Hands-Free Enforcement?

Delivery driver says the phone is a lifeline …hands-free, seriously?

A picture of traffic where tag lines suggest people in the cars are talking on the phone, texting, and engaging in other distracting behaviors.
source: fdot.gov

Dear Ms. Smartphone: I saw your last post about using hands-free phones. For the last few years I have been doing food delivery and having a phone in the car is a necessity.  I keep it on my lap or next to me. This new law is going to cause me a lot of hardship and slow me down. They can’t enforce it anyway so what’s the big deal? R.D., Boston

Dear R.D.,

Food delivery must be taxing, and hopefully you will not be distracted by either your Big Gulp or  your smartphone!  I honestly think that our growing demand for home delivery plus the desire to be continuously connected shortens the time until autonomous vehicles. 

To Enforce or Not…

But, to answer your question, an officer could pull you over if they saw you on the phone, say they looked down from an overpass, or  pulled along-side you at a stop. For background, see the Florida image. But I agree: officers are going to be cautious about enforcement. The background is Whren v. United States (1996). The lesson: don’t drive erratically and get pulled over.

I used to think phones were not necessary in cars but I cede that opinion. Most of us have lost our way-finding skills, and traffic apps add value. They help us select the best route, anticipate bottlenecks and slowdowns, and provide voice-overs to navigate your crazy round-abouts in Boston.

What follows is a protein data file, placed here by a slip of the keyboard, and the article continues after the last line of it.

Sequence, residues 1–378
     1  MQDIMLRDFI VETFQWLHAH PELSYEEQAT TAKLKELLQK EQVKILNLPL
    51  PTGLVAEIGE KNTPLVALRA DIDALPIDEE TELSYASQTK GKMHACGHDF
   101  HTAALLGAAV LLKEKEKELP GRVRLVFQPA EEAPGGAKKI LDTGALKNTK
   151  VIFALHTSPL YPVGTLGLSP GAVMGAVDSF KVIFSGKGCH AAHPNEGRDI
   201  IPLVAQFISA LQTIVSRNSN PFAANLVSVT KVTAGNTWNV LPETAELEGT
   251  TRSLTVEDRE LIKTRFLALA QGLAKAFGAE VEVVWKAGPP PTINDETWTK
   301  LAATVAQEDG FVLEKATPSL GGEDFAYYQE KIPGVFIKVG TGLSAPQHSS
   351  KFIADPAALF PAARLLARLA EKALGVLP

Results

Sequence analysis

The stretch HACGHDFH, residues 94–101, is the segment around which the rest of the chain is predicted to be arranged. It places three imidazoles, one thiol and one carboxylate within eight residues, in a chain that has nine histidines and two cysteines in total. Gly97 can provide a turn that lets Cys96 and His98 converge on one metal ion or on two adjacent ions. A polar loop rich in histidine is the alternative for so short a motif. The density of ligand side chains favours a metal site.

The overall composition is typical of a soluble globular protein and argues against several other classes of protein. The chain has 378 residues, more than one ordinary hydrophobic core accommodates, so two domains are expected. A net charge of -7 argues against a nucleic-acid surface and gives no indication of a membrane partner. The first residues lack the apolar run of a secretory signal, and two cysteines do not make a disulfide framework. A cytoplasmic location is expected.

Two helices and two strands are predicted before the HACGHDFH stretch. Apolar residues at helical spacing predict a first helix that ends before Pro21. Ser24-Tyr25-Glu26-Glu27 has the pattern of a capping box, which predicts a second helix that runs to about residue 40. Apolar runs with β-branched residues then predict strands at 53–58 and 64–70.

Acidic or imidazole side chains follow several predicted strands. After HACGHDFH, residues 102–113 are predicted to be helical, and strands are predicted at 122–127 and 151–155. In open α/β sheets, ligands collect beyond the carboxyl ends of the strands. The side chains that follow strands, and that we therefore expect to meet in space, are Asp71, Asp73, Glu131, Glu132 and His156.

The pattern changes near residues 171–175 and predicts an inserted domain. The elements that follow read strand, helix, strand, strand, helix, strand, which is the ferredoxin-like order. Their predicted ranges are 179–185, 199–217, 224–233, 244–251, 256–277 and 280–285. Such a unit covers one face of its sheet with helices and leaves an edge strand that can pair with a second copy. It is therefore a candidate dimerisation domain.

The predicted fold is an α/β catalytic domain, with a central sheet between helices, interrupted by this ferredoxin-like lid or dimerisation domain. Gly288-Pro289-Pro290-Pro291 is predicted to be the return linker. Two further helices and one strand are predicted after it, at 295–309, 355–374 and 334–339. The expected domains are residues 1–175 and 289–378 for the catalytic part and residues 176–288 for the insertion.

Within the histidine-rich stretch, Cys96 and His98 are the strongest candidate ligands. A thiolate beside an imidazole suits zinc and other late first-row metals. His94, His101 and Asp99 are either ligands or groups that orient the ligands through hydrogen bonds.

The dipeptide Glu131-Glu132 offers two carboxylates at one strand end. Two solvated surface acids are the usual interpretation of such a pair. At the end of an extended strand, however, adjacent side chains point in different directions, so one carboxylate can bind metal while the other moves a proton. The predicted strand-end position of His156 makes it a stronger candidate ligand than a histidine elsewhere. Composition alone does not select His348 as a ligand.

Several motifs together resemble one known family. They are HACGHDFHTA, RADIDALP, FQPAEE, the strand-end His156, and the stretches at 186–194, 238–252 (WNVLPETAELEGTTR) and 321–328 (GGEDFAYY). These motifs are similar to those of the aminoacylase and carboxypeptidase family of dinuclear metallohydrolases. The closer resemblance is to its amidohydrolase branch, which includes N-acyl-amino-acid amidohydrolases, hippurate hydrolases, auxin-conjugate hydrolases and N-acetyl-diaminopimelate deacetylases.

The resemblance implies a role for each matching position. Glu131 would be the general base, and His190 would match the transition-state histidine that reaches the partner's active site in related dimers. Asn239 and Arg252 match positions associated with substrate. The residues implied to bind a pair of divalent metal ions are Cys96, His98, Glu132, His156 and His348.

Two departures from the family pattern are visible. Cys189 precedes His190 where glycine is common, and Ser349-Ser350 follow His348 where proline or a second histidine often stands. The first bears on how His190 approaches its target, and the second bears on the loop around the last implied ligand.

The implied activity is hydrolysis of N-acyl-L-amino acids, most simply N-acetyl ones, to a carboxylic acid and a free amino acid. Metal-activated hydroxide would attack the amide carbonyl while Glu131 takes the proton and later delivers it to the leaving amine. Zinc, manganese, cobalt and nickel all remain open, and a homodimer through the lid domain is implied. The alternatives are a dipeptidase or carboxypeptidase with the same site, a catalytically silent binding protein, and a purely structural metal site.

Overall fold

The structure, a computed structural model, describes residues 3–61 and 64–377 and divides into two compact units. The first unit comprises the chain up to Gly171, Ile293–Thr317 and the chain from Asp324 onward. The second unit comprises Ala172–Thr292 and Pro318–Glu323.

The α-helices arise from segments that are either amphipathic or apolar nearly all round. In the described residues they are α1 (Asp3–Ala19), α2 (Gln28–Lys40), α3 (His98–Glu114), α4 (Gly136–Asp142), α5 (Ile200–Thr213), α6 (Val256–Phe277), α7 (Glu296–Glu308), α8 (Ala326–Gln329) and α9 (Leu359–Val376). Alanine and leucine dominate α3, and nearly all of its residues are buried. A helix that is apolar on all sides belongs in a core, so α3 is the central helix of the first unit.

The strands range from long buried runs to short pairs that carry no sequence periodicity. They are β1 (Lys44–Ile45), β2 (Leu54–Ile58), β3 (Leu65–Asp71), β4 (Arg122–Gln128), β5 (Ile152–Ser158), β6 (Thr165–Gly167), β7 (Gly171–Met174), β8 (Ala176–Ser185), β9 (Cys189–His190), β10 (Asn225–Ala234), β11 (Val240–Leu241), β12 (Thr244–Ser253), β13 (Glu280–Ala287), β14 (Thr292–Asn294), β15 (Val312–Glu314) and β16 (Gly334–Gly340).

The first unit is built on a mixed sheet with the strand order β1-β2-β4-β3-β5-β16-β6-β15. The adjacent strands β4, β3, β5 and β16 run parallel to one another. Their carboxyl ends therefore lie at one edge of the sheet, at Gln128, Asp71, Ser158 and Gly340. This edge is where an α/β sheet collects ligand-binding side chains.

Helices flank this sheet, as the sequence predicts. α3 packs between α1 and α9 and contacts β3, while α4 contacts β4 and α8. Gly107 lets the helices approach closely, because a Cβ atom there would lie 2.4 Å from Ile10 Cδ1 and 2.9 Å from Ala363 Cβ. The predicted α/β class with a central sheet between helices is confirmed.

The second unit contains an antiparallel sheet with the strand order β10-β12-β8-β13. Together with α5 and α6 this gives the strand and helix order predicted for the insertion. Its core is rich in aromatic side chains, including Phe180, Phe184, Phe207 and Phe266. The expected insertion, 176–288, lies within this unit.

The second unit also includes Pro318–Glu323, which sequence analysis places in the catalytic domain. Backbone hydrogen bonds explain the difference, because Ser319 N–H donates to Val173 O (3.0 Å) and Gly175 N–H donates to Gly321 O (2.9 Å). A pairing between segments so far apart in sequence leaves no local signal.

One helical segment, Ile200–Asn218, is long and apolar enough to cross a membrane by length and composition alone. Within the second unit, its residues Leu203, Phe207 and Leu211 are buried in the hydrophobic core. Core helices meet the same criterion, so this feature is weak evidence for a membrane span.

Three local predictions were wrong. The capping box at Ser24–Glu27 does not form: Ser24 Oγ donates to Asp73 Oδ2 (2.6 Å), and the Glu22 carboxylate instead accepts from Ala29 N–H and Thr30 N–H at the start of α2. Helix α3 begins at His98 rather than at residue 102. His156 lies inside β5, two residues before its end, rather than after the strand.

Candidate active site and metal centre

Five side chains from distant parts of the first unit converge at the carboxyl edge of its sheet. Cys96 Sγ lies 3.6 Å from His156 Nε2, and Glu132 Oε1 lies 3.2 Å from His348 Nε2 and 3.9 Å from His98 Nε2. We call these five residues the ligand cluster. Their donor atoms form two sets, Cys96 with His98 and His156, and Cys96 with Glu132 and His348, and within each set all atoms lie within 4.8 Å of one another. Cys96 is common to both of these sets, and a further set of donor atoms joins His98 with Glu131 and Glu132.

Knoweth thy phone commands…

Drivers with newer cars and trucks will stream their phone through the car’s audio system. But here are some additional tips for those with older cars and phones.

Get acquainted with the voice commands on your phone. You may be able to place a call, or answer one, by using voice commands like Siri or Alexa.  It is a misnomer to think that these calls are distraction free, but they will, at least, help keep your eyes on the road.

Second, make sure the screen-lock is set functionally. Then you won’t have to touch the phone to wake-up it up, or worse, key in the password. The screen-lock settings are generally found under ‘general/display/auto-lock.’

And, Knoweth Not!

Finally, newer phone operating systems have a feature that detect motion in your vehicle and are supposed to automatically divert an incoming call to voicemail.  On the Iphone this feature is buried under accessibility. Full disclaimer: Dear Smartphone has not been able to set up this feature successfully and struggles to turn it off for good.

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